Post-Exascale Fabric: NNSA Awards Cornelis Networks $18M for High Performance Network R&D

Print Friendly, PDF & Email

Those who gave up for dead Intel’s Omni-Path fabric, which Intel began working on 2012 and stopped supporting seven years later, may want to re-think that. Cornelis Networks, the company breathing life into Omni-Path since 2020, has won an $18 million R&D contract from the U.S. National Nuclear Security Administration (NNSA).

The award is part of DOE’s Next-Generation High Performance Computing Network (NG-HPCN) project in support of NNSA’s Advanced Simulation and Computing (ASC) program. The project will be led by Lawrence Livermore National Laboratory for upcoming supercomputers at the NNSA Tri-Labs: LLNL, Los Alamos and Sandia National laboratories.

The networking technologies will be built for HPC, AI, machine learning and HPDA (high-performance data analytics) to support such applications as stockpile stewardship, fusion research, advanced manufacturing, climate research and other open science on future ASC HPC systems, NNSA said. The project,

“As we move into exascale supercomputing and beyond, and increasingly rely on emerging technologies to achieve our mission objectives, we will need creative high-performance solutions to meet future challenges,” said NNSA ASC program director Thuc Hoang.

Cornelis positions itself as “the only domestic, OEM-independent, CPU/GPU agnostic high performance” fabric provider. The company has gained traction in the federal market sector — last November, Cornelis announced a DOE/NNSA contract to provide fabric networking for the NNSA’s Tri-Laboratory Commodity Technology System 2 (CTS-2) system contract (see our SC21 video interview with Cornelis CEO Phil Murphy).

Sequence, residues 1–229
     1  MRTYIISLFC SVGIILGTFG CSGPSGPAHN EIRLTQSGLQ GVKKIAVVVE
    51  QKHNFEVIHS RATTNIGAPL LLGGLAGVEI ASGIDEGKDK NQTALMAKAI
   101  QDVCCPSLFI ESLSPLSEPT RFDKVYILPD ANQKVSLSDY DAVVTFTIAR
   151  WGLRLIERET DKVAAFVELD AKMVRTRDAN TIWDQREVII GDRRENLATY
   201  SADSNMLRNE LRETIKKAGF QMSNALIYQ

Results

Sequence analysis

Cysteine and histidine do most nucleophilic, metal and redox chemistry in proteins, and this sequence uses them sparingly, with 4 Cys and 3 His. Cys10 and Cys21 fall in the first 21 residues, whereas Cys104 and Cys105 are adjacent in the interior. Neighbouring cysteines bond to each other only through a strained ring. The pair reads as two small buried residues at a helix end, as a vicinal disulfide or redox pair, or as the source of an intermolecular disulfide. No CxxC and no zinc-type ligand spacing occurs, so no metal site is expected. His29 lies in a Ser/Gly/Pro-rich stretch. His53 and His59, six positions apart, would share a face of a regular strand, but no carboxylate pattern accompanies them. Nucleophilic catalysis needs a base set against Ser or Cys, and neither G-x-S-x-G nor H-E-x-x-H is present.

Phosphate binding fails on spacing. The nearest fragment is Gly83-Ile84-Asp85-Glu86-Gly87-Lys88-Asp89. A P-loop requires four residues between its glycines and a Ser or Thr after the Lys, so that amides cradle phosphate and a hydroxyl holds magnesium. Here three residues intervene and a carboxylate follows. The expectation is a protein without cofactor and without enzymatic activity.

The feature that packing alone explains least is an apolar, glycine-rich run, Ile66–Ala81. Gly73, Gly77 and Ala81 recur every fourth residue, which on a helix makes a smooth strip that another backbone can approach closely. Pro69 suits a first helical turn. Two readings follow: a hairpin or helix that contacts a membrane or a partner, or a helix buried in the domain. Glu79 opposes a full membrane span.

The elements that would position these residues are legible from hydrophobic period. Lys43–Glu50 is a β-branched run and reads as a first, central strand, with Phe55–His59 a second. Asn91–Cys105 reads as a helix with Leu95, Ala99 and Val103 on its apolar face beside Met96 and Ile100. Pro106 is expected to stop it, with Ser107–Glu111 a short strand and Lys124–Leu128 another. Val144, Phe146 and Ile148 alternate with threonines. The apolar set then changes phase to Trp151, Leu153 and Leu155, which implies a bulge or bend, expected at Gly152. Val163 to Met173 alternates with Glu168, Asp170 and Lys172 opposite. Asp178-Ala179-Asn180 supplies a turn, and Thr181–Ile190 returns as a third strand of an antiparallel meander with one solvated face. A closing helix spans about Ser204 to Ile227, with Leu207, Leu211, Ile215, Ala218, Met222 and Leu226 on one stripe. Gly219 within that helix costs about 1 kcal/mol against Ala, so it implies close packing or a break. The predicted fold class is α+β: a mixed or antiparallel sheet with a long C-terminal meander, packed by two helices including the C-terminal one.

The company said its first deliverable under the new DOE award will be Omni-Path Express (OPX), a new host stack based on the OpenFabrics Alliance libfabric, to be launched at the ISC 2022 conference in Germany later this month. OPX will have a host architecture based on OpenFabrics Interfaces (OFI) and offer “significant application performance gains resulting from accelerated fabric performance…” and “broad support for application-critical technologies including all popular MPIs, alternative programming models like SHMEM and Chapel, AI frameworks, object storage file systems like DAOS, and all popular GPUs.” The company added it will be the “foundational software for Cornelis’ next generation Omni-Path fabric architecture.”

In 2023, Cornelis will release the Omni-Path CN5000 Series with 400G native OFI adapters for the OFA libfabric software ecosystem, 400G top-of-rack and director-class switches with features that include dynamic adaptive routing and congestion management, a choice of deployment topologies and plans to include intelligent NICs / DPUs.

“The Cornelis team is thrilled to partner with the NNSA in co-development of our future fabric products through their Next-Generation High Performance Computing Network project,” noted Gunnar K. Gunnarsson, VP of solutions delivery and support at Cornelis. “We look forward to accelerating scientific advancements across a variety of applications by delivering industry-leading performance in support of the NNSA’s mission-critical HPC and AI workloads.”

The contract is part of the ASC post-Exascale-Computing-Initiative (ECI) investment portfolio, whose goal is to sustain R&D in partnership with industry that DOE ECI had initiated via its PathForward program. “It also will help foster a more robust domestic HPC ecosystem by increasing U.S. industry competitiveness in nextgeneration interconnect technologies,” NNSA said.